- Many users don’t know the main differences that set VPN routers and VPN services apart.
- For once, VPN routers offer network-wide protection while VPN services can only protect one device at a time.
- However, there are several other traits that these VPN types don’t necessarily share.
- If you want to learn more about the differences between VPN routers and VPN services, check out our guide.
Nowadays, with the recent uprise in cyber attacks and privacy breaches, having a VPN is paramount.
However, end-users always end confused considering there are so many different types of VPNs they can use to protect their privacy.
For instance, many fail to understand that VPN routers are not the same as a VPN service.
One of the main differences between these types of VPNs is, in fact, the very device you can set them up on.
Not to worry, though; in this guide we’ll walk you through the differences between VPN routers and VPN services.
That way, you’ll be more informed and ready to make a better decision when it comes to your personal privacy.
VPN router vs VPN service
What is a VPN router
A VPN router is still a VPN, but it’s meant to be used by an entire network, as opposed to personal VPN services.
After being deployed, a VPN router shields the entire network’s privacy from prying eyes.
Depending on the VPN that you choose to install on the router, you may benefit from additional features, so as to make up for the lack of personal control.
Once a VPN is installed on a router, it actually replaces the router’s firmware so it can assume full control of the network.
The network administrator can change or toggle certain settings such as the server location, kill switch, or split tunneling.
It goes without saying that you won’t be able to make any modifications, but that could actually be a good thing.
With a standard VPN, you may need to remind yourself to launch it and connect to a secure server.
A VPN router is always on, and applies the same settings to all the devices connected to the network.
If the VPN supports it, you can make sure to exclude certain devices from the VPN’s protection by using the split tunneling feature.
How to set up a VPN router
Contrary to popular opinion, you can’t just install any VPN on any router.
Therefore, you’ll have to find a router that supports VPN apps (recommended) or one that supports manual VPN configuration (less secure, less features).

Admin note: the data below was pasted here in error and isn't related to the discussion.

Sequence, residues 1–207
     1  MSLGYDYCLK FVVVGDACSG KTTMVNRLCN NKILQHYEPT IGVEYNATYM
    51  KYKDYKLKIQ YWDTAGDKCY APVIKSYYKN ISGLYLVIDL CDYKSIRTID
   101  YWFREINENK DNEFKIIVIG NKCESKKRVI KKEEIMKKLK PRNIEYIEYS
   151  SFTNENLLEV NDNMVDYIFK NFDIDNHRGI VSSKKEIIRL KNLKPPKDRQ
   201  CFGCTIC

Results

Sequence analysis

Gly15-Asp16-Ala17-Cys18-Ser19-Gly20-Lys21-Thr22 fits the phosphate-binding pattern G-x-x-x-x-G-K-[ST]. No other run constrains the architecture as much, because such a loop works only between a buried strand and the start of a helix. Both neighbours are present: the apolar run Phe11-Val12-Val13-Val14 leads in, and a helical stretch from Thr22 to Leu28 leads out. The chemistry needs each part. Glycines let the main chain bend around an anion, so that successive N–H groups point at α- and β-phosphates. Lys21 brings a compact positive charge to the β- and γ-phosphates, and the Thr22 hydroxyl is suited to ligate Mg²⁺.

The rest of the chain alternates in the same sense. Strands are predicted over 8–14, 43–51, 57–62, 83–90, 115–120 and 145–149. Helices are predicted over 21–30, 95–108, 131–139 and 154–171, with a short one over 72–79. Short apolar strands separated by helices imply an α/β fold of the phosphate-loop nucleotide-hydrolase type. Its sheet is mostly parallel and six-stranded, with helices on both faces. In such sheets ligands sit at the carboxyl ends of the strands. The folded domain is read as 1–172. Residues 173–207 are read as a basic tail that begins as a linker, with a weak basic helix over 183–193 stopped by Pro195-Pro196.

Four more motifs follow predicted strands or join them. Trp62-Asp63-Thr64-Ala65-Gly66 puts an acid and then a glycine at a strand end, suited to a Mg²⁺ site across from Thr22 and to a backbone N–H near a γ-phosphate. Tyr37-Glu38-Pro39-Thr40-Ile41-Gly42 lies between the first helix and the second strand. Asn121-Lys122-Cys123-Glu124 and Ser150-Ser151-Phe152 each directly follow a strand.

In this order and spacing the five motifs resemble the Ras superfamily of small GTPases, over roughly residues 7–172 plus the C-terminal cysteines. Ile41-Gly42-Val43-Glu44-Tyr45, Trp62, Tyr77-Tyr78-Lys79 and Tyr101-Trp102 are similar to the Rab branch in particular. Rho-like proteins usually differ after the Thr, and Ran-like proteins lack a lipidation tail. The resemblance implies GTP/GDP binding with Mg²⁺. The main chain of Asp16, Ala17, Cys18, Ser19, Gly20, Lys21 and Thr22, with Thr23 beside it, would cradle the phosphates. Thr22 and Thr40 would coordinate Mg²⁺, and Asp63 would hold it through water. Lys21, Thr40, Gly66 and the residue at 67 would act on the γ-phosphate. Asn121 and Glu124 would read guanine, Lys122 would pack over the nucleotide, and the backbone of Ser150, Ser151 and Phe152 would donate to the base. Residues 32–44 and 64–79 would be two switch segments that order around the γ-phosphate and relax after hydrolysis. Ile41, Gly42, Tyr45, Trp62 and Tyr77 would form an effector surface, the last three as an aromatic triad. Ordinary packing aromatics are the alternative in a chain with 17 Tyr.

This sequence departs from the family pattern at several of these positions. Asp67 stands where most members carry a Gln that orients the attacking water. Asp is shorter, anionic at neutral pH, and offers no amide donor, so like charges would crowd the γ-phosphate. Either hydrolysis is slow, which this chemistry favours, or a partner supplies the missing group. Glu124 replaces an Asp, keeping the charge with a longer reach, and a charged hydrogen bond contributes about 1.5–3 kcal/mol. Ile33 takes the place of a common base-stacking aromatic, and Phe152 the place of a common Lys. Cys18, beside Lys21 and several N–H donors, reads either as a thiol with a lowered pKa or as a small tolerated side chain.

At the same time, you’ll have to find a VPN that can handle being installed on a router.
Depending on your router and VPN of choice, the process of setting a VPN router up can be wildly different.
For instance, some VPN providers (such as ExpressVPN) offer custom firmwares you can flash on your router.
On the other hand, you can also try to grab configuration details from your VPN and attempt to load them on your router, as we explained in our comprehensive guide.
Note that the VPN router setup process depends on the model of your router, so unfortunately there’s no silver bullet for this.
What is a VPN service
When we say VPN service, we mean a VPN service that you can install on individual devices and use it on a per-person basis.
Therefore, any VPN that provides you with an app, a client, or a configuration file for your personal use could fall in this category.
With VPN services you have full control over everything that the VPN does for your device and on your network.
Depending on its capabilities you can toggle a kill switch, enable split tunneling, change location, or turn it off altogether.
Since you’re using it on your device only, it won’t have any impact on your network and other users connected to it.
Additionally, it’s infinitely easier to install and configure a VPN service than a VPN router.
Considering that many VPN providers support multiple connections on the same account, you may not even need a VPN router.
However, if you have more devices you want to connect than the provider can accommodate, you may need to switch to a VPN router.
Which is better, VPN router or VPN service?
Truth be told, there’s no right answer to this question, as it strictly depends on your needs.
If you have a handful of devices that need privacy protection and added security, you can safely go with an individual VPN service.
VPN providers can usually cover at least 5 simultaneous connections on the same account, so as long as you don’t have a lot more devices, you should be fine.
The plus side is that an individual service is easier to install and can be re-configured at any time.
On the other hand, having a VPN router means that your entire network is protected 24/7 and there’s no need for you to interact with your VPN so often.
You just set it up, configure it according to your needs, and just leave it running in the background.
Unfortunately, setting up a router VPN takes more time and requires that your router can handle VPN apps or manual configuration.
All in all, having a VPN is highly important if you plan on keeping your online whereabouts private, away from prying eyes.
Whether you choose to install a VPN on your router for network-wide protection or just use it on your device, it can and will greatly enhance your privacy.
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This post was written by Vlad Constantinescu and was first posted to WindowsReport
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